Flow, Glip and Slingshot try to enhance the ability of teams to interace using a variety of tools.
The concept of how we collaborate is changing. Better tools are being developed that help workgroups put together documents, quickly schedule meetings and chat with each other.
When business first started operating online, collaboration was largely done via Internet-connected email, where messages could be sent in minutes. But these days, an overloaded inbox can be the enemy of quick collaboration. Then, starting in the '90s, instant messaging via AIM, Skype, Yahoo and others became a quicker alternative to sending emails. But it still wasn't a complete collaboration package.
Today's collaboration environment includes tools for text chats, bulletin boards, video conferencing, screen sharing and scheduling meetings. There are dozens of workgroup collaboration tools these days, starting with video conferencing (such as Citrix GoToMeeting and Cisco WebEx) and moving into more sophisticated internal social networking setups (such as Yammer, SocialText and Jive).
Among these are a number of lightweight products that offer quick and near-real time collaboration. Some have been around for several years (such as FMYI) and some have come onto the market in the past year.
This review looks at three of the newcomers: Flow, Glip and Slingshot. While all have some things in common -- all three seek to enable collaboration and can be used either on desktops/laptops or on mobile devices -- they all do somewhat different things in the collaboration space. Indeed, you might want to purchase more than one of them to handle your needs.
I tried them out them on a small network using Windows PCs, Macs and iPhones. I looked at what these tools offer small workgroups (up to about 20 people), whether they are easy to use, how potent they can be in terms of lessening the number of emails you need to deal with and which particular circumstances they are best suited for.
Flow is about tasks, and the more that you can concentrate on a series of well-defined tasks the more productive you will feel with it. It comes from MetaLab, which also makes Peak, a workgroup collaborative tool that connects various social cloud accounts.
Flow has versions for the Web, iOS, Android and the Mac (this last requires OS X 10.7 or later). The Web client offers a menu on the left while the rest of the workspace can show a calendar, tasks or a threaded conversation stream (with an input field at the bottom) using either a one- or two-column format.
You define a task, schedule when it is due and who is helping complete it, and upload documents either from your own computer or from a connected Dropbox account. While this is handy, because Flow concentrates so much on tasks, some things just don't fit. For example, tasks can be scheduled for a specific day but not for a specific time within that day, making it difficult to schedule meetings among task participants.
The service is extremely easy to learn and use. When you complete the signup process, you are brought into a series of simple on-screen tutorials that highlight the menus and prompts needed to get started with creating lists and tasks. The screen layouts are clean and consistent across the Web and mobile clients.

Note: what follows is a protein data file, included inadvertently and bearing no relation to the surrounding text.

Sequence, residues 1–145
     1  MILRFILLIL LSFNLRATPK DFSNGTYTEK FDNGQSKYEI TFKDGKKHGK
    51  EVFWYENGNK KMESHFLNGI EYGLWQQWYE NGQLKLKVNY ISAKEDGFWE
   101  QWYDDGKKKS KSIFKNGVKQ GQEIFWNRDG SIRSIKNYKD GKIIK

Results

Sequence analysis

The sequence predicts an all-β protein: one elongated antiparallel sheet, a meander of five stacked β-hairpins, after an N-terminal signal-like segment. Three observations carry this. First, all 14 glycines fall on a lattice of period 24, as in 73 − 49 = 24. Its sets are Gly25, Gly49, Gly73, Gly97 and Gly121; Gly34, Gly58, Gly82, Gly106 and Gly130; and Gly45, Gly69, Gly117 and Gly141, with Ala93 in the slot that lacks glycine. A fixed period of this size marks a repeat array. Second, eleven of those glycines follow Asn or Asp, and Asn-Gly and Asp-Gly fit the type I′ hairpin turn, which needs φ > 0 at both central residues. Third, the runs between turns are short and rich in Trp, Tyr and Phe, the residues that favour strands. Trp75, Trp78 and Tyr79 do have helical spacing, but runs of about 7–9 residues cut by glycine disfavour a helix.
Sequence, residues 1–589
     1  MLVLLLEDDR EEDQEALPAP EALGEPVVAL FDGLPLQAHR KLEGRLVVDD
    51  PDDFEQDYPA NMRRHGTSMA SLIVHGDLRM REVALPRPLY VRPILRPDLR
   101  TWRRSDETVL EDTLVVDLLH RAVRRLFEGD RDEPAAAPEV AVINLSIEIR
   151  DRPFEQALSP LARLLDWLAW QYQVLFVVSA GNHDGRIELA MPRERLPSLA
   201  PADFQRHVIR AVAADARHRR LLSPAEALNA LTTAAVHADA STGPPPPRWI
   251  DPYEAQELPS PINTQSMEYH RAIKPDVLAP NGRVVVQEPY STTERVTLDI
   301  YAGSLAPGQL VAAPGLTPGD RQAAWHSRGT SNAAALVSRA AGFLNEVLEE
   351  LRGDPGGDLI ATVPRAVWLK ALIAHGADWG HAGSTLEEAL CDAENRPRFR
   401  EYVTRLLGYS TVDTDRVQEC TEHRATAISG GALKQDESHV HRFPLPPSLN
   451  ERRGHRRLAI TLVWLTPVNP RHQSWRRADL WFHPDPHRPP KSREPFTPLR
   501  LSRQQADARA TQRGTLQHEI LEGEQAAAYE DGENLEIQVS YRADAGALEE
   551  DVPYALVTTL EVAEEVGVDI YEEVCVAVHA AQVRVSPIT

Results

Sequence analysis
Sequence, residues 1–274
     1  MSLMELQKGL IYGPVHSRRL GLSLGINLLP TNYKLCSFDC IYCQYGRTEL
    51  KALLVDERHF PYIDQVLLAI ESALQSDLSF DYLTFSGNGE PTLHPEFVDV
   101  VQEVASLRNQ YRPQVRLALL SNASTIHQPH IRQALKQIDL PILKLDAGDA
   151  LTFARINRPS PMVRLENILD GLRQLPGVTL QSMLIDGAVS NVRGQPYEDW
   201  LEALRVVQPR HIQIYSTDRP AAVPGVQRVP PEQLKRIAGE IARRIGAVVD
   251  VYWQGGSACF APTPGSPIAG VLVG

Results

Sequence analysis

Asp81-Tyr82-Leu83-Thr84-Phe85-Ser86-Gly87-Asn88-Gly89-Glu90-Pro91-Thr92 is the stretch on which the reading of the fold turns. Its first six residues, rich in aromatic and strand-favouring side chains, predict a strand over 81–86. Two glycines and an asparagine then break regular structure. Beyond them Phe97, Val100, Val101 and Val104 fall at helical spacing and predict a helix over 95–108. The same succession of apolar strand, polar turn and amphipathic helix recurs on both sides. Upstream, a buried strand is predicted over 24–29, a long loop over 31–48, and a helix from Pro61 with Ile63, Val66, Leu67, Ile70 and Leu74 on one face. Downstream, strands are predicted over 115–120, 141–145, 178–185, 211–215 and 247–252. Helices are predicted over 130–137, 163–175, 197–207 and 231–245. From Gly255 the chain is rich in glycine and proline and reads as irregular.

One of Flow's strengths is in its numerous notification options. You can receive a daily email digest of your tasks, change the notification settings to hourly or not at all, and toggle between a dozen different activities such as being notified if you are mentioned or if a new task is assigned. One downside is that these notification settings can't be accessed in the mobile client.
Another nice touch is an optional text editor for the body of your task messages that works like GitHub's Flavored Markdown editor, which lets you add HTML links, simple numbered lists and blocks of code. If you mistakenly delete a task (the icons are small and I found it was too easy to click on the wrong one), you can restore it if you realize your mistake within a few hours.
On the Web version, some image file contents (such as PNGs) can be previewed in the dashboard; others (like TIFFs) you'll need to click on to view. On the mobile version, no file previews are available, possibly to save screen real estate. In either case, you can't edit attached documents -- you can just view them. Each item in the task list can be "liked" by each team member, similar to Facebook likes.
Teams have three different access rights: member, guest and admin. Team owners set these up when they create your account. Guests can only view the particular content that they are explicitly invited to see. Admins can change the access rights at any time. And members have full read/write rights but can't change others' access rights.
Flow has six different pricing plans, all of which are billed on an annual basis. The Team plan allows up to 10 people to share 10GB of storage and five different workspaces for $49 per month. There are additional plans that can go to $250 a month or more. The first 30 days of any account are free, with no need to supply a credit card.
If you don't need to schedule meetings, or already use something else such as Outlook, then Flow is a good choice. Depending on your usage, it could also be cheaper than Glip.
Like Flow, Glip (which was introduced last fall) is geared around tasks: How to start a task, who is working on a task and when to schedule a task for completion.
In addition to keeping track of your tasks, you can also track text chats with individuals or with groups of correspondents (in that, it's similar to Yammer, FMYI and Jive, among others); these chats can include Web links, images or other documents.